• 10.
    Bohlin, Markus
    et al.
    Mälardalen University, School of Innovation, Design and Engineering.
    Hänninen, Kaj
    Mälardalen University, School of Innovation, Design and Engineering.
    Mäki-Turja, Jukka
    Mälardalen University, School of Innovation, Design and Engineering.
    Carlson, Jan
    Mälardalen University, School of Innovation, Design and Engineering.
    Nolin, Mikael
    Mälardalen University, School of Innovation, Design and Engineering.
    Safe Shared Stack Bounds in Systems with Offsets and Precedences2008Report (Other academic)
    Abstract [en]

    The paper presents two novel methods to bound the stack memory used in preemptive, shared stack, real-time systems. The first method is based on branch-and-bound search for possible preemption patterns, and the second one approximates the first in polynomial time. The work extends previous methods by considering a more general taskmodel, in which all tasks can share the same stack. In addition, the new methods account for precedence and offset relations. Thus, the methods give tight bounds for a large set of realistic systems. The methods have been implemented and a comprehensive evaluation, comparing our new methods against each other and against existing methods, is presented. The evaluation shows that our exact method can significantly reduce the amount of stack memory needed. In our simulations, a decrease in the order of 40% was typical, with a runtime in the order of seconds. Our polynomial approximation consequently yields about 20% higher bound than the exact method. 

  • 11.
    Bohlin, Markus
    et al.
    Mälardalen University, School of Innovation, Design and Engineering.
    Hänninen, Kaj
    Mälardalen University, School of Innovation, Design and Engineering.
    Mäki-Turja, Jukka
    Mälardalen University, School of Innovation, Design and Engineering.
    Carlson, Jan
    Mälardalen University, School of Innovation, Design and Engineering.
    Sjödin, Mikael
    Mälardalen University, School of Innovation, Design and Engineering.
    Bounding Shared-Stack Usage in Systems with Offsets and Precedences2008In: ECRTS 2008: PROCEEDINGS OF THE 20TH EUROMICRO CONFERENCE ON REAL-TIME SYSTEMS, 2008, p. 276-285Conference paper (Refereed)
    Abstract [en]

    The paper presents two novel methods to bound the stack memory used in preemptive, shared stack, real-time systems. The first method is based on branch-and-bound search for possible preemption patterns, and the second one approximates the first in polynomial time. The work extends previous methods by considering a more general task-model, in which all tasks can share the same stack. In addition, the new methods account for precedence and offset relations. Thus, the methods give tight bounds for a large set of realistic systems. The methods have been implemented and a comprehensive evaluation, comparing our new methods against each other and against existing methods, is presented. The evaluation shows that our exact method can significantly reduce the amount of stack memory needed.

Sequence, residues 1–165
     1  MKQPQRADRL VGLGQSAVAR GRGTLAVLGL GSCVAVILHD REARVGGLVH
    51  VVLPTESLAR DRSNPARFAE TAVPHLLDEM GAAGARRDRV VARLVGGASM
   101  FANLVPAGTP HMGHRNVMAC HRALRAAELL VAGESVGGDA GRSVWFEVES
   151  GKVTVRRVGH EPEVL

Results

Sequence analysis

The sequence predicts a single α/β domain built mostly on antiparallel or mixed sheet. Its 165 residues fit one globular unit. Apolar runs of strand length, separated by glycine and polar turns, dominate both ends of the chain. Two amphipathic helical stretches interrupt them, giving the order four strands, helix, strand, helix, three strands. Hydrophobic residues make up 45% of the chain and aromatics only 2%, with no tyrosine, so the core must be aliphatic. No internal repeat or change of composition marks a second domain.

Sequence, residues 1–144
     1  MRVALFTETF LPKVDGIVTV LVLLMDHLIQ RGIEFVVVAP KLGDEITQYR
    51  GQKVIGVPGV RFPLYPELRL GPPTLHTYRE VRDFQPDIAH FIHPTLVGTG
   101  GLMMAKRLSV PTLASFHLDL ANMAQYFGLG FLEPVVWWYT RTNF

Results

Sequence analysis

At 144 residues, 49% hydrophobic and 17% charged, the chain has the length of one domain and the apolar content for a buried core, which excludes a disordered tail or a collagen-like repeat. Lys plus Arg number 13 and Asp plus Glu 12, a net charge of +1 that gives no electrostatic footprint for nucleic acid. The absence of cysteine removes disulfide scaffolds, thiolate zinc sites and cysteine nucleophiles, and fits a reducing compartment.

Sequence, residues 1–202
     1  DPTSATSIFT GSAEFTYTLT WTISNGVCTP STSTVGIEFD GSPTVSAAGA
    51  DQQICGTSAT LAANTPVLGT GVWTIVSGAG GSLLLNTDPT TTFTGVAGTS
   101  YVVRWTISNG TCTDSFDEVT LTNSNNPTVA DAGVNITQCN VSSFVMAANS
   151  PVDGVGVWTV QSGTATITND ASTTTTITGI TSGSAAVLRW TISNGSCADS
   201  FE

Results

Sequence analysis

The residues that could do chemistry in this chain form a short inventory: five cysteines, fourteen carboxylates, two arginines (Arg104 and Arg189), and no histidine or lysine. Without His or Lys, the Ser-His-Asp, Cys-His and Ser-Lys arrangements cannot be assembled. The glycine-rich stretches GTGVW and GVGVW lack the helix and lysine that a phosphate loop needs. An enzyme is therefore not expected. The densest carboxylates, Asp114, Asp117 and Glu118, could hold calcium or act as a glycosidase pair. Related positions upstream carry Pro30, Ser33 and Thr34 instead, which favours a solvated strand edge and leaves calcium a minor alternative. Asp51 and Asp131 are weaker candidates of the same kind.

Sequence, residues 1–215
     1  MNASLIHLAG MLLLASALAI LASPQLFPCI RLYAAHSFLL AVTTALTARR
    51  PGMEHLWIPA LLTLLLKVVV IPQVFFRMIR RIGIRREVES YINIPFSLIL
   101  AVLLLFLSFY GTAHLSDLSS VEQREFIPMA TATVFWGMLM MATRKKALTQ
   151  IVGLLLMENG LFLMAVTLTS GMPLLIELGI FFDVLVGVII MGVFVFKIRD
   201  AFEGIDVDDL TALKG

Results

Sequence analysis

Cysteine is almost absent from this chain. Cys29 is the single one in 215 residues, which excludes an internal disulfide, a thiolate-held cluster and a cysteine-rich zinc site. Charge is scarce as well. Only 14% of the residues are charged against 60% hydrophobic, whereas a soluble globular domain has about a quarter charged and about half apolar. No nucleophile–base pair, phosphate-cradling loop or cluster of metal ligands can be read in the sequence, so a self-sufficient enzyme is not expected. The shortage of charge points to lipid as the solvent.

• 12.
    Bucaioni, Alessio
    et al.
    Mälardalen University, School of Innovation, Design and Engineering, Embedded Systems. Arcticus Systems AB, Järfälla, Sweden.
    Addazi, Lorenzo
    Mälardalen University, School of Innovation, Design and Engineering, Embedded Systems.
    Cicchetti, Antonio
    Mälardalen University, School of Innovation, Design and Engineering, Embedded Systems.
    Ciccozzi, Federico
    Mälardalen University, School of Innovation, Design and Engineering, Embedded Systems.
    Eramo, Romina
    University of L’Aquila, L’Aquila, Italy..
    Mubeen, Saad
    Mälardalen University, School of Innovation, Design and Engineering, Embedded Systems. Arcticus Systems AB, Järfälla, Sweden.
    Nolin, Mikael
    Mälardalen University, School of Innovation, Design and Engineering, Embedded Systems.
    MoVES: a Model-driven methodology for Vehicular Embedded Systems2018In: IEEE Access, E-ISSN 2169-3536, p. 6424-6445Article in journal (Refereed)
    Abstract [en]